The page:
In ‘atomic absorption’, ‘AA’, photometry, a liquid sample is sprayed into a relatively long cuvet and individual atoms absorb specific wavelengths, which are typically produced by ‘hollow cathode’ lamps. Such lamps are specific for one or a few elements. In ‘graphite furnace’ AA, a small sample is placed in a carbon (graphite, etc.) tube through which a heavy current can be passed for heating. The sample is evaporated to dryness at low current/temperature, and then vaporized by very high temperature.
A ‘diode array’ is an assembly of a few hundred photodiodes packed closely together. It can record a UV/Visible spectrum at one time without having to ‘scan’ monochromator wavelengths. It is particularly useful in a spectrophotometric detector for high-pressure liquid chromatography, where it can generate absorption spectra of individual components as they elute from the chromatograph column.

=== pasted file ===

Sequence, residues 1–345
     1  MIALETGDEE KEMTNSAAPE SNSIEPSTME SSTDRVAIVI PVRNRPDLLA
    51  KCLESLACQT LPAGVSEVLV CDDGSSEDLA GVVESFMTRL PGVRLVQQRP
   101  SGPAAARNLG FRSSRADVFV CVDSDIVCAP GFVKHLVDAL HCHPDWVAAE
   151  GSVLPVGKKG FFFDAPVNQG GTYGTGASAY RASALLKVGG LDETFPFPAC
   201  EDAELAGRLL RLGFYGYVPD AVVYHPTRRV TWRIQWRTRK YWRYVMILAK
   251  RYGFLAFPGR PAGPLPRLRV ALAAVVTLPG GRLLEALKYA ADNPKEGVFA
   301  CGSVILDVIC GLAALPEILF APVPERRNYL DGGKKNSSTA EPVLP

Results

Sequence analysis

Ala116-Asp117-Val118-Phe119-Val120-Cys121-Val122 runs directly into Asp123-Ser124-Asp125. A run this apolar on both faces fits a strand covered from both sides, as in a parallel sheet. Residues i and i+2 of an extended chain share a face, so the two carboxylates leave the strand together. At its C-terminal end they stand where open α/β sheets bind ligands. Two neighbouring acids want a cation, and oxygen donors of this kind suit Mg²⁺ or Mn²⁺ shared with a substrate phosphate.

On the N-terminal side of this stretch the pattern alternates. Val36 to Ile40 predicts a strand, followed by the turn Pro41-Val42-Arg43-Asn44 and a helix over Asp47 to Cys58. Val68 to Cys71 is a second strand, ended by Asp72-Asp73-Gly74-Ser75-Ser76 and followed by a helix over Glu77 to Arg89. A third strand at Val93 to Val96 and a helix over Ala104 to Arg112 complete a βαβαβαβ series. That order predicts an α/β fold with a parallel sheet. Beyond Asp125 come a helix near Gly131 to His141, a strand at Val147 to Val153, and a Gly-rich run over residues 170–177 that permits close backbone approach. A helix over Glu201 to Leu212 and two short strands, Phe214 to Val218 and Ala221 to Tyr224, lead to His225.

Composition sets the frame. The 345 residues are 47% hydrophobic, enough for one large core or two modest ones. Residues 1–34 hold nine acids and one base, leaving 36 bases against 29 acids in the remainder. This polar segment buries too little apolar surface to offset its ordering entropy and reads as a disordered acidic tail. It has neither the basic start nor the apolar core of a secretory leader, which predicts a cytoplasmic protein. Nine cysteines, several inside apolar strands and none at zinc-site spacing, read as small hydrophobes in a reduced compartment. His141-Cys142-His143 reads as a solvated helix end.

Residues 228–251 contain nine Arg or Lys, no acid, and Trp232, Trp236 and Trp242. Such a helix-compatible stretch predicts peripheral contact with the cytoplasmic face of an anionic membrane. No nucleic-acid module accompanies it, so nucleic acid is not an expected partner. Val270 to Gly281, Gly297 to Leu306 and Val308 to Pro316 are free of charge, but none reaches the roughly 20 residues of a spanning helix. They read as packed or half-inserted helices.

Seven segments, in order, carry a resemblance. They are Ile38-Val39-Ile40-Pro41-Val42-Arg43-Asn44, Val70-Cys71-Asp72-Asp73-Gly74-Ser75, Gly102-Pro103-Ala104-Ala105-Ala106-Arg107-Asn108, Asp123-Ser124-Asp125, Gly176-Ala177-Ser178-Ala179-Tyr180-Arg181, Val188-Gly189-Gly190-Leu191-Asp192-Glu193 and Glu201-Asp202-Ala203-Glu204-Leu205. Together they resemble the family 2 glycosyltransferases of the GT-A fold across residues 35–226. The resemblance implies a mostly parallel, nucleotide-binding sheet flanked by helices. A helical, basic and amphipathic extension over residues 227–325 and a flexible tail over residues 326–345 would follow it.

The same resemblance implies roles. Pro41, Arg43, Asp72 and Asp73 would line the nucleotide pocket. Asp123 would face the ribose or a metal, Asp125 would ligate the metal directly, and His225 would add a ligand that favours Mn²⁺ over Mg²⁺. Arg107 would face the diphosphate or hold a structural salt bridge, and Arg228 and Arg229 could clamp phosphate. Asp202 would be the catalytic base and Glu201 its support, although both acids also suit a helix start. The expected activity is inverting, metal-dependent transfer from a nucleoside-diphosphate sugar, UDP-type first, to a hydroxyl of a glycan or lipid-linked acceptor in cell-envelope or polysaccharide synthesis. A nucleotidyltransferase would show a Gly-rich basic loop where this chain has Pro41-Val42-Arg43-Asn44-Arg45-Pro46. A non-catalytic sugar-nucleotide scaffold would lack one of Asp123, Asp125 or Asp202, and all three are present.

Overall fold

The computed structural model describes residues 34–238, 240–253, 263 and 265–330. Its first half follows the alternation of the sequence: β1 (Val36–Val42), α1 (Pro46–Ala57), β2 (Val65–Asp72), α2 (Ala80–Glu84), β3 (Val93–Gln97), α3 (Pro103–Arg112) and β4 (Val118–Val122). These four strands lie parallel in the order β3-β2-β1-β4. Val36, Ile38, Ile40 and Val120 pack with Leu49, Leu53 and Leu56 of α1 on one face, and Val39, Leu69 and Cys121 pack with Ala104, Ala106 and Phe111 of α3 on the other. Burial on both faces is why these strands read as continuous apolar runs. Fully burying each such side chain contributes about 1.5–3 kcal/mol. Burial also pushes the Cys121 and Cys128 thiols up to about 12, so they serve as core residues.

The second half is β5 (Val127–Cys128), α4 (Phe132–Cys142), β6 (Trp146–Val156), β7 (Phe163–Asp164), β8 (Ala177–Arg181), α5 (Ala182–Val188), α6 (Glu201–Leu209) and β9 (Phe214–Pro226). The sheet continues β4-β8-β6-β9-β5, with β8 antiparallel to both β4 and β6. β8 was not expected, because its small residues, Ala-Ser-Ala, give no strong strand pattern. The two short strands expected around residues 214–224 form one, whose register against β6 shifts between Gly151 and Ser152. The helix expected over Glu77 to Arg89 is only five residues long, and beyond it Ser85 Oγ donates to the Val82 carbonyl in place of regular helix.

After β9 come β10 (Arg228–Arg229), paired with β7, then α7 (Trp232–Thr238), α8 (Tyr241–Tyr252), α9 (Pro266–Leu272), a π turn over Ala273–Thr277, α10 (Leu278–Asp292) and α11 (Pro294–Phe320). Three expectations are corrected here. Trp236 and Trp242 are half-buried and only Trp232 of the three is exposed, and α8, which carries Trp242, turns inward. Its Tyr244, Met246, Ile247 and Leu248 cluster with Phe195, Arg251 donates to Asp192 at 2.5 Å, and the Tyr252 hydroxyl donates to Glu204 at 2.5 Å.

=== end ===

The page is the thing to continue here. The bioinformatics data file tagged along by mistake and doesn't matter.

Infrared waves are often considered ‘heat’ waves, and sources are hot, but usually not hot enough to produce much visible light, which would be wasted in an infrared system. Two common sources are the ‘Globar’ and the ‘Nernst glower’. Large salt prisms were used in early spectrometers, but gratings have taken over now. The infrared waves do not have enough energy for the detectors used in the visible and UV range, and thermal detectors (thermocouples, etc.) are used. Plastic, glass and quartz all absorb too strongly for use in IR, and the sample is often a thin film between a pair of polished salt (NaCl) plates. Thicker cells (~ 1 mm) with salt windows are also used. Samples may be ground (‘mulled’) with mineral oil or a fluorocarbon oil; ground with potassium bromide (KBr) and pressed into flat disks (‘pellets’) or dissolved in solvents with relatively little IR absorbance (such as carbon tetrachloride and carbon disulfide).